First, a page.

Extra rains in Q2 boon, bane for cash crops
Rainy weather in the second quarter caused increases and slight declines in the output of some of the country’s major nonfood and industrial crops.
According to a recent report from the Philippine Statistics Authority that showed how seven crops reacted to current weather patterns, tobacco production dipped during the period to 37,000 metric tons from 38,000 MT in the same period last year as it thrives in dry weather.
Sugarcane output, on the other hand, surged by 35 percent to 6.91 million MT against last year’s production of 5.12 MT as sugarcane grows better under rainy conditions.
Abaca, which also prefers dry weather, logged a 1.2-percent decline in production to 18,000 MT in the second quarter versus 18,200 MT the year prior.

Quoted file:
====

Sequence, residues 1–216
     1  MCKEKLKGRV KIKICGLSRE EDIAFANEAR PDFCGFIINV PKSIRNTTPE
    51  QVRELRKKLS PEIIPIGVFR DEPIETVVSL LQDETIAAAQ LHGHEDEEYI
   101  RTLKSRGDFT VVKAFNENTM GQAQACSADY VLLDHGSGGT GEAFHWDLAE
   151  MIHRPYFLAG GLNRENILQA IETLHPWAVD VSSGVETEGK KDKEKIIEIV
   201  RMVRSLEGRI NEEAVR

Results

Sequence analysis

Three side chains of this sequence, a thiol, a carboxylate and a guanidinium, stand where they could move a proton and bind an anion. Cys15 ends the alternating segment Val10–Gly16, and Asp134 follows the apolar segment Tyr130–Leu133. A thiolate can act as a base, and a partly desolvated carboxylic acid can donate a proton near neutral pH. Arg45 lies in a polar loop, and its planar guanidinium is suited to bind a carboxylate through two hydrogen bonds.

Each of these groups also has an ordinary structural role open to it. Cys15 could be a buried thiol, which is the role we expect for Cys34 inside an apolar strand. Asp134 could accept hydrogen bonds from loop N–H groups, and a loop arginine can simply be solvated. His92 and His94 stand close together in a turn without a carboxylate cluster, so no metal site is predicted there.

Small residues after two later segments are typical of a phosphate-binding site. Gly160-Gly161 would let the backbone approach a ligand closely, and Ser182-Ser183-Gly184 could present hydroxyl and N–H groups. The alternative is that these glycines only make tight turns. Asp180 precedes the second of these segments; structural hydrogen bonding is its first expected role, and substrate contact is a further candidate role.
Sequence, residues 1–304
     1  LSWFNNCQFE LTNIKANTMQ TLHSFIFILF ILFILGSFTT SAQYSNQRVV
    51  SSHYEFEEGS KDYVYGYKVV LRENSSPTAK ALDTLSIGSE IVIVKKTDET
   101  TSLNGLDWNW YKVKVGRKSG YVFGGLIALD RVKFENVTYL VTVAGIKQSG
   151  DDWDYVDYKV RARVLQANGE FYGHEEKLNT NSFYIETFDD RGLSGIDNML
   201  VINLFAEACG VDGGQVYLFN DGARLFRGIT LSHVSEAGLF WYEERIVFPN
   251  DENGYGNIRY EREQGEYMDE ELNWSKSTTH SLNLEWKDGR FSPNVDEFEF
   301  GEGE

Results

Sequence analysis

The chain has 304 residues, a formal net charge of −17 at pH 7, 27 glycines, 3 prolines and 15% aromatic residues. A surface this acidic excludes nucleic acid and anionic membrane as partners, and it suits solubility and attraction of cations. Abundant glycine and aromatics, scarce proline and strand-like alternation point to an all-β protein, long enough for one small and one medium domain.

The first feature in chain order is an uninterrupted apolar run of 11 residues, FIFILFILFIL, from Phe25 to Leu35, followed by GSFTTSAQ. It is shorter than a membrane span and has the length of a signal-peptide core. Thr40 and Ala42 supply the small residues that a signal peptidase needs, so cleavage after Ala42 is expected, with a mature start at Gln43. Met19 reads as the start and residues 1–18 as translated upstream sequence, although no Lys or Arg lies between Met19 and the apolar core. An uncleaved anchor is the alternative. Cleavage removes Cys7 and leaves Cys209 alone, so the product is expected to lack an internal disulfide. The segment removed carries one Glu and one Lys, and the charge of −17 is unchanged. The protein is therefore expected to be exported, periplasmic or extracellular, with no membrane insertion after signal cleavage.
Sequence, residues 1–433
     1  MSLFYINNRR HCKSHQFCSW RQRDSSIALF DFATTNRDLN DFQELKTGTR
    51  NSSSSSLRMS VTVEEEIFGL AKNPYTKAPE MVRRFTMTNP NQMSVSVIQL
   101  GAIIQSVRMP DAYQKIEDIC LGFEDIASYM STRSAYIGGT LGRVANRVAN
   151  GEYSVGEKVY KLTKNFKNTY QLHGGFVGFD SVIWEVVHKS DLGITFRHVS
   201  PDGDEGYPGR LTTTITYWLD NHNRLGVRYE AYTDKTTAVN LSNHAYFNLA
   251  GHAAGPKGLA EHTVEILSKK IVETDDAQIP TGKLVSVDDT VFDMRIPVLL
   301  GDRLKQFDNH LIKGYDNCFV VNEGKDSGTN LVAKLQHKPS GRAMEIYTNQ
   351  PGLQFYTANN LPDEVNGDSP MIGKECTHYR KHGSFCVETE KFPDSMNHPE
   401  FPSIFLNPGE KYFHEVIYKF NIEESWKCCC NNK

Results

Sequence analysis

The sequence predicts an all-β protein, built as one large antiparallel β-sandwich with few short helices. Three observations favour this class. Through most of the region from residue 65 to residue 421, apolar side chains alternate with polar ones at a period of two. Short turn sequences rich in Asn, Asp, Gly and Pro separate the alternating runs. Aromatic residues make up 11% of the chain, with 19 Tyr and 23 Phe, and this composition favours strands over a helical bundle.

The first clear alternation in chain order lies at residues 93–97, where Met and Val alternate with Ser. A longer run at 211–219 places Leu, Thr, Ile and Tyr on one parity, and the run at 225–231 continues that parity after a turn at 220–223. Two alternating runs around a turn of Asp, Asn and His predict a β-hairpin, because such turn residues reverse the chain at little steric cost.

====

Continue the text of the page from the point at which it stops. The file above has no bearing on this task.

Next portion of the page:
The country’s coconut and cacao output rose by 0.8 percent and 9.9 percent, respectively, to 3.29 million MT and 2,200 MT.
Coffee, which is sensitive to rain and flooding, reported a slight dip in production to 5,870 MT from 5.880 MT.
The Department of Agriculture (DA) closely monitors these industrial crops, also considered “cash crops,” as these are usually exported and can yield higher profits than fruits and vegetables.
DA continues to develop these industries by consolidating farmers and entering into supply contracts with the private sector.
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